2006 Summer Season
Litchfield, CT -- Contact: Janet L. Serra For Immediate Release 860-567-4506 email@example.com
LITCHFIELD, CT-On a warm summer afternoon, few sights are more welcome than a sandy shore and a cool blue lake, pleasures that are found in abundance in Northwest Connecticut. Half a dozen lakes are found in parks around this beautiful corner of the state, most of them with the added pleasures of fishing and hiking. While the settings are rustic, the parks include civilized comforts such as restrooms and picnic tables, and many have concession stands with food.
Scenic steep wooded slopes rim the water in Squantz Pond State Park, located 4 miles north of New Fairfield on Route 39. The pond is an arm of Candlewood Lake, the state's largest, and it offers a sandy beach with a lifeguard in attendance and picnic facilities along the shore. The 1000-acre Pootatuck Forest adjoining the park provides ample trails for hikers.
Black Rock State Park on Route 6 in Watertown, ten miles north of Waterbury, is another lovely setting, with wooded ledges covered with pine, hemlock and oak surrounding Black Rock Pond. The 439-acre park lures fishermen as well as swimmers and picnickers.
Lake Waramaug State Park covers 95 acres centered around a picture-book lake, eight miles around and as smooth as a looking glass. Waramaug is a natural lake fed by streams, with a water level that has been raised by a small dam. Only small boats are allowed, helping to keep things peaceful. Once again, picnic tables are available on the lake shore.
Mt. Tom State Park has two claims to fame. A wide-screen panoramic view of three-states rewards hikers to the stone tower atop Mt. Tom. And within the park's 233 acres is the 62-acre spring-fed Tom Pond, with deep clear water that is ideal for swimming. This is also a prime pond for fishermen, as it is regularly stocked with several species of trout, and the only boats allowed are powered by oar, paddle or sail. Picnic tables are set in a wooded grove overlooking the pond. The park is three miles west of Litchfield on Route 202.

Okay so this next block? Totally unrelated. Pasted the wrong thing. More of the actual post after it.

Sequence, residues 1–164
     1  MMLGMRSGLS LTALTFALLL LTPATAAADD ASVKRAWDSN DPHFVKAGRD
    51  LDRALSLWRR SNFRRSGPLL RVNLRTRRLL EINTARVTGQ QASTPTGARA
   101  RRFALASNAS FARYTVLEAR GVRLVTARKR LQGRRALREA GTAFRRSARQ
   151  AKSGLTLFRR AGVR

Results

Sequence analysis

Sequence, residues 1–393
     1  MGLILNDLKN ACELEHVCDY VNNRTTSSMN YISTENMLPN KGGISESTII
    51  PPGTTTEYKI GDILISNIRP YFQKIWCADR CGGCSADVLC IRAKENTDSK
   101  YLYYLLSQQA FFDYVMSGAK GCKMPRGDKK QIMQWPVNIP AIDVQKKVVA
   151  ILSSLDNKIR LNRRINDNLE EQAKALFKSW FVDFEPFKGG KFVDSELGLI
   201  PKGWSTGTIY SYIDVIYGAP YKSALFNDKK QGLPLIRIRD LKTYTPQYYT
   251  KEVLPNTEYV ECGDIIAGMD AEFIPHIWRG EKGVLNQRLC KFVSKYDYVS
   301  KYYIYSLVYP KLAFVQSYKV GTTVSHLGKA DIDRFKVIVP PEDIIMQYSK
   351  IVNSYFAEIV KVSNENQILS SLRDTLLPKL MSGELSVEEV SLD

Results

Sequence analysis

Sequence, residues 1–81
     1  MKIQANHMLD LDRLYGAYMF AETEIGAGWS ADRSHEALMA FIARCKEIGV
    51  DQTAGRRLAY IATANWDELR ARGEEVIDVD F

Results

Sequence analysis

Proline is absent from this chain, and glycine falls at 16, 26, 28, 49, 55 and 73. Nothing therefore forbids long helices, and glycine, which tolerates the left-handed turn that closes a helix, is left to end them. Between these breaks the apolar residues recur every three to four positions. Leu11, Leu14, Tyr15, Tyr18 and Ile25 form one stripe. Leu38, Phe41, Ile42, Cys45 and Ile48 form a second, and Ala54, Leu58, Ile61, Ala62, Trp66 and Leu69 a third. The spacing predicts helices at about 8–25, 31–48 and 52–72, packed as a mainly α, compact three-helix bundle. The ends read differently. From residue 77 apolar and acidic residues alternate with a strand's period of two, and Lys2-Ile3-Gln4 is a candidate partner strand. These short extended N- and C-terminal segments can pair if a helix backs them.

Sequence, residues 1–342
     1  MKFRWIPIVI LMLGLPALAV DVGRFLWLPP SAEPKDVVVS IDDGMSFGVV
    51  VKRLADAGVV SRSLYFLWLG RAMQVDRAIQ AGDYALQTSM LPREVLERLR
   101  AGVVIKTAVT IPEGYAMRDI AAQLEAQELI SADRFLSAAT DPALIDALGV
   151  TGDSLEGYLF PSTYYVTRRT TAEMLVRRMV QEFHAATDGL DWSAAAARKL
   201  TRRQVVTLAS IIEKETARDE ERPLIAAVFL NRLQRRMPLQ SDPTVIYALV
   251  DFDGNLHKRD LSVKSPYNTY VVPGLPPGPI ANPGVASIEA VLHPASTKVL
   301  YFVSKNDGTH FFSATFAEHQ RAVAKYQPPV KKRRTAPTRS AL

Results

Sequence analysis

Five miles north of Torrington on Route 8, Burr Pond State Park beckons hikers with a three-mile path circling the 88-acre lake. This lake has an interesting past. The pond was created in 1851 when one Milo Burr placed a dam across several mountain streams, trapping the water for power for saw mills and a tannery. In 1854, Gail Borden, who was the first to discover how to preserve milk through condensation, built the world's first condensed milk factory here, just below the falls. A bronze tablet marks the site of the mill, which was destroyed by fire. Burr Pond is a favorite for canoeing, sailing and pedal-boating, as well as for swimming and fishing.
Not all of the lakes in Northwest Connecticut are in state parks. One of the finest swimming spots is on Bantam Lake, the state's largest natural lake, where the 800-foot beach has been aptly named "Sandy Beach." This is the town beach for Litchfield and Morris, but the public is welcome for a small fee. A water slide and raft are favorite features here, and the lake also offers a canoe launch. It can be found on East Shore Road off Route 109.
For more information on fairs and a new free guide to the region, including lodging, attractions and maps, contact the Northwest Connecticut Convention & Visitors Bureau, P.O. Box 968, Litchfield CT 06759-0968, 800-663-1273, or visit their website at Northwest Connecticut